Scope set up a Foresight and Innovation Unit in April 2014. In this blog Ruth Marvel, the Director of the unit, looks back at what went well, what didn’t, and the lessons learned along the way.
Innovation is all the rage at the moment, especially the disruptive kind. So, when the idea of establishing an innovation unit first came up at the end of 2013 it was very tempting to be swept away on a tide of post-it notes, ideation sessions and 3D printed hackathons!
But, I was clear from the outset that I wanted the unit to focus on how we could do things better, not just differently, and ensure our approach was firmly grounded in the real life experiences of disabled people and their families. For me innovation in the social sector has always been about creating greater social value. When it’s really effective it can change a whole system and the behaviours of those in it for the better. This is why for social change organisations like Scope, innovation is a powerful and essential tool.
So, when we created the Foresight and Innovation Unit at Scope just over a year ago we set out to do three things:
- Support the organisation to innovate by providing the process, tools, facilitation and space for staff to develop new activities or improve existing ones.
- Stimulate the organisation to think about old problems in new ways by sharing insights, innovations and trends from the wider world.
- Lead a small number of in-house innovation projects to support our strategic goals.
A year on, I am really pleased with where we have got to. As a team of just three we have led three brand new innovation projects, developed and tested our own innovation process (as well as putting a couple of external ones through their paces), and started to connect the organisation to new thinking and the latest trends through our disability innovations blog.
That’s not to say it’s been easy, or that it’s all gone swimmingly. With the benefit of hindsight here are some of the key things we’ve learned.
Really understand the problem you are trying to solve – the innovation approach we have chosen is based on the double diamond design methodology. We chose this deliberately because it puts a really strong focus on understanding the needs, content and behaviours of the person or people you are designing solutions for. This approach has really put people out of their comfort zone but the benefits of getting out of the building and really testing our assumptions has been invaluable.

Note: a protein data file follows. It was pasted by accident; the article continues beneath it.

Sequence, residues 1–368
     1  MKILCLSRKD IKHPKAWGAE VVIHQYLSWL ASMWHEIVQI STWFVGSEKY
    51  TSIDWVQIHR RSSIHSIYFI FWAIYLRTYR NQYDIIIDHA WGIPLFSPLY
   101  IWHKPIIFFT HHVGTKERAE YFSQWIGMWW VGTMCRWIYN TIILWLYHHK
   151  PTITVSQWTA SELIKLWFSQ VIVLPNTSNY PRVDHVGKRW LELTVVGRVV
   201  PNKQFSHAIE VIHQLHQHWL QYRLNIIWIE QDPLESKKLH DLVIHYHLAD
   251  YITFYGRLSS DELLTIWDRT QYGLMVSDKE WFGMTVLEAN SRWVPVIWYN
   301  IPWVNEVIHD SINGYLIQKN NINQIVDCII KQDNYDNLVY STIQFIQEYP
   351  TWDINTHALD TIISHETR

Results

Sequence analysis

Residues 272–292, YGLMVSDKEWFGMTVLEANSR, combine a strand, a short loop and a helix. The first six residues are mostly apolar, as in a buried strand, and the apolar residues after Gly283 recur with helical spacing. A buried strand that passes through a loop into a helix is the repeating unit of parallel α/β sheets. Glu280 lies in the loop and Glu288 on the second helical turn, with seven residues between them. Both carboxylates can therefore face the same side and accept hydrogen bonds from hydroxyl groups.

Be focused and time limited – giving people the space and the tools to really understand a problem and test different ways of solving it has worked really well. But, we’ve learned not to give people too much time or they lose momentum and projects can stall or drift.
Align innovation with strategy – it’s much easier to get traction around innovation if you can show how it supports the core priorities of the organisation. Getting buy in from senior colleagues around some key priorities for the innovation team is crucial to ensuring you can secure the time and space you need to try something different. I feel I learned this lesson the hard way, but it’s been one worth learning.
Prepare for landing – it’s important to consider how innovation projects can be main streamed back into the core business. This sounds obvious but some of the most interesting work we have developed this year has no clear place to sit in the wider organisation. We have mitigated this in part by including staff from existing teams to get buy in and help us think through how a new product or service could be integrated into the existing organisational structure. But, there’s a need to do more to prepare the ground for new innovation products over the coming year.
Aversion to risk pops up everywhere! – Risk is often cited as a barrier to innovation and our experience is no exception. No matter how strongly colleagues talk positively about innovation, being bold and taking risks, change is always scary and we need to acknowledge that. Showing how you can mitigate the risk of failure by testing ideas with minimal expenditure of time and money and to create organisational boundaries that separate experimentation from business as usual will be vital to helping the organisation feel more comfortable with risk.
And finally, putting Foresight in the title of your department makes you a hostage to fortune on all things related to the weather forecast!